When you travel to Brazil you will without a doubt be traveling to one of the world’s most fascinating countries. And one of the most enjoyable aspects of your quest to find a life for yourself in Brazil will be your exploration of all of its alternative locations and lifestyles.

Remember your visa when you travel to Brazil

U.S. and Canadian citizens require a visa to enter Brazil, even as a tourist. The visa is normally granted for unlimited entries and exits, over a 10-year period. You can get the visa directly from a Brazilian consulate, or if that’s not convenient, from an agent who specializes in this process.

Your maximum stay time is 180 days in any 12-month period.

A good Portuguese phrase book

This is absolutely essential when you’re traveling in Brazil. A good one is Lonely Planet’s Brazilian Portuguese Phrasebook, available at Amazon.com for less than $10.

Getting to Brazil

You’ll find that U.S. and Canadian flight service is pretty good to São Paulo and Rio de Janeiro, and from there you can connect to most anywhere.

You can also fly to Recife and Salvador from the U.S., but with fewer options.

If you’re going to Natal or Fortaleza, your best bet is to get a national connection in Salvador, or connect in São Paulo. From Europe, you can fly with TAP Portugal, which runs nonstops to Recife, Natal, and Fortaleza.

Where to go when you travel in Brazil: The Northeast

Sometimes overshadowed by the large state of Bahia to the south, Alagoas is Brazil natureoften overlooked as a travel destination. But those “in the know” will appreciate it for its vast stretches of palm-fronted coastline, isolated white-sand beaches, and emerald-green waters.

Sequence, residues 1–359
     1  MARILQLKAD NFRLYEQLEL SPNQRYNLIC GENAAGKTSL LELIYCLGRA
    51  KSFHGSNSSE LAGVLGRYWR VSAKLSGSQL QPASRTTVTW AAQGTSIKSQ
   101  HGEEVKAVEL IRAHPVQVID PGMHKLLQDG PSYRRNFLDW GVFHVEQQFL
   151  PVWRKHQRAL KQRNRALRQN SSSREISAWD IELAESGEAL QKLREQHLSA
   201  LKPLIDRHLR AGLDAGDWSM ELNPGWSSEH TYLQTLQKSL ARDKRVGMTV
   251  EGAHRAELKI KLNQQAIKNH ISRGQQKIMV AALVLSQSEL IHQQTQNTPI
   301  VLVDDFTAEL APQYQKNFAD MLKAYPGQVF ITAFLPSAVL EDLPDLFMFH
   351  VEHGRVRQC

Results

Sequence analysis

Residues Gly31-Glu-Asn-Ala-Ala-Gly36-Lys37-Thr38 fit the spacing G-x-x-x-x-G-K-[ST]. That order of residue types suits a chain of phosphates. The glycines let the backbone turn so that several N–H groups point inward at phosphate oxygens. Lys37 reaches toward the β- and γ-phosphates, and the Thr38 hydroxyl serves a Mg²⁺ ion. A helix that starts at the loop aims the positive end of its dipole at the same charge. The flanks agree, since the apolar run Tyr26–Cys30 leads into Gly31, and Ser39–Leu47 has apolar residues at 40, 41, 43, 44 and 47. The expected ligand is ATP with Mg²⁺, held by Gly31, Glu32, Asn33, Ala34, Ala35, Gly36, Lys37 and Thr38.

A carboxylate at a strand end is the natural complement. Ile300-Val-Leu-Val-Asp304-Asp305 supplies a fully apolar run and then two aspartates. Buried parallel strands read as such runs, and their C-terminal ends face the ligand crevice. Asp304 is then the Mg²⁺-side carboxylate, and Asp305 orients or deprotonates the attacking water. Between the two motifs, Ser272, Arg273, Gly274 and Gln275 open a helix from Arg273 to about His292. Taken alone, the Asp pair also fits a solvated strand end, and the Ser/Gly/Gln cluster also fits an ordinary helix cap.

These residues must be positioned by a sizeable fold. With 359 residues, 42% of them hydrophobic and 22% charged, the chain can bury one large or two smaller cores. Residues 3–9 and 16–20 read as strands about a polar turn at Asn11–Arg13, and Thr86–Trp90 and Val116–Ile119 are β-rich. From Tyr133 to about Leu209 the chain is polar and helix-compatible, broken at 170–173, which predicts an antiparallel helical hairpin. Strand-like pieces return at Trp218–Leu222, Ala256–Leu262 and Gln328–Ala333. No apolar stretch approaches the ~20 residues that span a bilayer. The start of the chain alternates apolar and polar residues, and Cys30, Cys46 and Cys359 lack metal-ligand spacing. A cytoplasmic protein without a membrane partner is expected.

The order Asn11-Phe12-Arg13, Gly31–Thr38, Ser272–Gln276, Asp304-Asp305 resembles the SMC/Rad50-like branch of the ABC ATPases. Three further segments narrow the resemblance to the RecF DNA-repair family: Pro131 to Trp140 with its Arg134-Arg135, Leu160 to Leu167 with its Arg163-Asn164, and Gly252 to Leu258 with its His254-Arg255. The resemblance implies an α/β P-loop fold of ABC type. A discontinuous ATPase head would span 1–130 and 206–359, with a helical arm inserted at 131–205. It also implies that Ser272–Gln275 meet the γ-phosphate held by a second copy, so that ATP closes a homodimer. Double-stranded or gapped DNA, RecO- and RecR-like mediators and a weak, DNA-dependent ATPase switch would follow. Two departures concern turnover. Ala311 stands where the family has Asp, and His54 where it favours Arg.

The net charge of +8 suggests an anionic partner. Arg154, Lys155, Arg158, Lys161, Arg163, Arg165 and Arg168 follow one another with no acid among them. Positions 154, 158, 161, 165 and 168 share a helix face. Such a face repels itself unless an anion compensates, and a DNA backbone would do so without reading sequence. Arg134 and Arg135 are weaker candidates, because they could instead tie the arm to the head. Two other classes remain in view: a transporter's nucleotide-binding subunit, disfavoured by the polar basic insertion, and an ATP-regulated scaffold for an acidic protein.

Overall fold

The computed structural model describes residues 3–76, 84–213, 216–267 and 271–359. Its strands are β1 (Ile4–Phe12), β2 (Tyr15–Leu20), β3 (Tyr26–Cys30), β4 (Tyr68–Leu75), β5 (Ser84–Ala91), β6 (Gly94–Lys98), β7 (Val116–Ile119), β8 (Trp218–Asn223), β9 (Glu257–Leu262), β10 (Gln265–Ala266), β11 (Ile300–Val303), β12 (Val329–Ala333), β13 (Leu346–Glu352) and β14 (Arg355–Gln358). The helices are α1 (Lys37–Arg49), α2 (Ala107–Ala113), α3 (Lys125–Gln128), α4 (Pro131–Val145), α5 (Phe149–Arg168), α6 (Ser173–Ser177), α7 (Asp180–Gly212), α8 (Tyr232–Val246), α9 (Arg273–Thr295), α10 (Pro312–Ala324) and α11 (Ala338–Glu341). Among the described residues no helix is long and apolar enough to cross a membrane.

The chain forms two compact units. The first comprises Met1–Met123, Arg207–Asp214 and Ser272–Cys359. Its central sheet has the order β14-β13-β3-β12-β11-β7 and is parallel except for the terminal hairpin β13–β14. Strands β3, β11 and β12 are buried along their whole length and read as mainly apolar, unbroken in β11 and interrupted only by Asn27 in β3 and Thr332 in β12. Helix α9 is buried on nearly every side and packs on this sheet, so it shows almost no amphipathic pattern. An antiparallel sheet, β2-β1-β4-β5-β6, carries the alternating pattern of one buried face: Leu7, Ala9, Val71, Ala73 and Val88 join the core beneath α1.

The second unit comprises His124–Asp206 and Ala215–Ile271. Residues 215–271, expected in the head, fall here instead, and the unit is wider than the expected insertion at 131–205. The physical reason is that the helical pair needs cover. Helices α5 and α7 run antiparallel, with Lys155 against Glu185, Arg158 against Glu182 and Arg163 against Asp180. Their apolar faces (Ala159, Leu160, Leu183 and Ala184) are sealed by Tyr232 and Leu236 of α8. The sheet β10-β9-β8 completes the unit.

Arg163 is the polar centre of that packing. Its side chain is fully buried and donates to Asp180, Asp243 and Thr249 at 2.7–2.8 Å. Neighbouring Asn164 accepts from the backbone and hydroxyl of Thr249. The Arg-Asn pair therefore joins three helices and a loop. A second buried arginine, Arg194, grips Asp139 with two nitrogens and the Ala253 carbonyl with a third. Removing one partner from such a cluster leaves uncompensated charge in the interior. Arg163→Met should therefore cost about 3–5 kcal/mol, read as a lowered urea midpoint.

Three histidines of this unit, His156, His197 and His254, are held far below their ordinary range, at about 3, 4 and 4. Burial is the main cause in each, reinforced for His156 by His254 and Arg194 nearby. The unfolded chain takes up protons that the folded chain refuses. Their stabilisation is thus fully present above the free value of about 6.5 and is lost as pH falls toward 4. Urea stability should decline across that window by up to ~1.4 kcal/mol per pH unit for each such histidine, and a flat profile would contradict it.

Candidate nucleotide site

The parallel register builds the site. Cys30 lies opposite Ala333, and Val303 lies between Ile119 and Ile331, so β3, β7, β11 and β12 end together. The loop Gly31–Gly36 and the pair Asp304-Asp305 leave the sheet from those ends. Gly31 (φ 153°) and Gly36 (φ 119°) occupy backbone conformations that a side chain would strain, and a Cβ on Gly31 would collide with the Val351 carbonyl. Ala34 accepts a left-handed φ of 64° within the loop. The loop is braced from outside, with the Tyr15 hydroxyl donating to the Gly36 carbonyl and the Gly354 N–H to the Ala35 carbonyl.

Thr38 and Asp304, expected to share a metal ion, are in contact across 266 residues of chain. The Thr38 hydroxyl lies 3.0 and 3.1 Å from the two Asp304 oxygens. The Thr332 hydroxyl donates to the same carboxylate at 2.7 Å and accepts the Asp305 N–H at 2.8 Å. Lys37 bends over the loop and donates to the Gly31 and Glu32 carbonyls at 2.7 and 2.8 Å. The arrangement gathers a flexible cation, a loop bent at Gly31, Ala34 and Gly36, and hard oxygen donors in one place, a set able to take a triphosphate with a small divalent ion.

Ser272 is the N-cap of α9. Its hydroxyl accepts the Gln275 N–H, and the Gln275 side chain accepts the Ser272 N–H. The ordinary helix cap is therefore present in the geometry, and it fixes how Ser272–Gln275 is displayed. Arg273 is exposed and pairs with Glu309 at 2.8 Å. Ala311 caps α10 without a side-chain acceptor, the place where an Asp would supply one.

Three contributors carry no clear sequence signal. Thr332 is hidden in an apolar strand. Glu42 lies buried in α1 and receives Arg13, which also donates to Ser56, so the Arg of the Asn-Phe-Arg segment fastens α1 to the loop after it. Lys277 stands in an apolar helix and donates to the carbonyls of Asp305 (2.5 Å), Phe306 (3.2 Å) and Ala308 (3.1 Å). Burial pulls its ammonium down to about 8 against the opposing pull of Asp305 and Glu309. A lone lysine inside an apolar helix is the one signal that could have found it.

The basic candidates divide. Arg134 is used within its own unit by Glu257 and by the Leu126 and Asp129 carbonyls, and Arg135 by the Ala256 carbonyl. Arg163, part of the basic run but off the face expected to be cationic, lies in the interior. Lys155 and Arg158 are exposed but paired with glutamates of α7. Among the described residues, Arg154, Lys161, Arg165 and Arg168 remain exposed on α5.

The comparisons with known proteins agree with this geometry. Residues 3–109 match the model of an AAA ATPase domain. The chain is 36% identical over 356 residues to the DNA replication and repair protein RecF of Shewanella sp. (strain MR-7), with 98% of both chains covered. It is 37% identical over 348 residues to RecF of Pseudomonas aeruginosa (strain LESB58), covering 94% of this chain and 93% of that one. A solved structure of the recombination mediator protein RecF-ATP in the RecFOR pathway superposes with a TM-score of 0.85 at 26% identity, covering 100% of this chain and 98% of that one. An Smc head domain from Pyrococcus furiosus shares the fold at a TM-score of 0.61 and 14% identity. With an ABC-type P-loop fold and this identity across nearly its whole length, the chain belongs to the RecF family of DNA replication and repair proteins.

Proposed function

Recife has one of Brazil’s best infrastructures for travelers and businessmen. Its convenient international airport has direct flights to both the U.S. and Europe, making getting there a breeze compared to some Northeast destinations.

Olinda’s small, winding, cobblestone streets, great restaurants, fantastic views, old Portuguese churches, and colonial architecture provided a nice contrast to the beach scene. Green and leafy, it’s extremely popular among Brazilian travelers as well as international visitors.

Travelers and residents in Natal enjoy more than 300 days of sunshine, and the city claims to have the cleanest air in South America. Many people come here for their health. It’s also known far and wide for its nightlife, which is the main draw for many a foreigner and Brazilian alike. Natal has a huge, off-season Carnaval called “Carnatal”, which usually takes place in early December.

In João Pessoa, take some time to enjoy the laid-back feel of the beach areas of Tambaú and Cabo Branco, with their boardwalk, beaches, and good restaurants. The pastries at the French boulangerie will be a nice variation from the city’s Brazilian fare.

In Fortaleza, make sure you set some time aside to see the colorful historic center and visit the central market. The nicest beach in town is Praia do Furturo, on the southern edge of Fortaleza.

 

Artboard 1Artboard 14Artboard 1Artboard 1down-arrowdown-arrowArtboard 1facebook-roundfacebook-squareArtboard 12Artboard 1googleplus-roundgoogle-squareheadphoneshealthcarehousehouseArtboard 2Artboard 1Artboard 1locksearch-mag3Artboard 1Artboard 15Artboard 1next-largenextArtboard 1plusprev-largeprevread-more-arrowread-more-arrowsearch-magSlider Arrowto-toptwitter-roundtwitter-squareyoutube-roundyoutube-square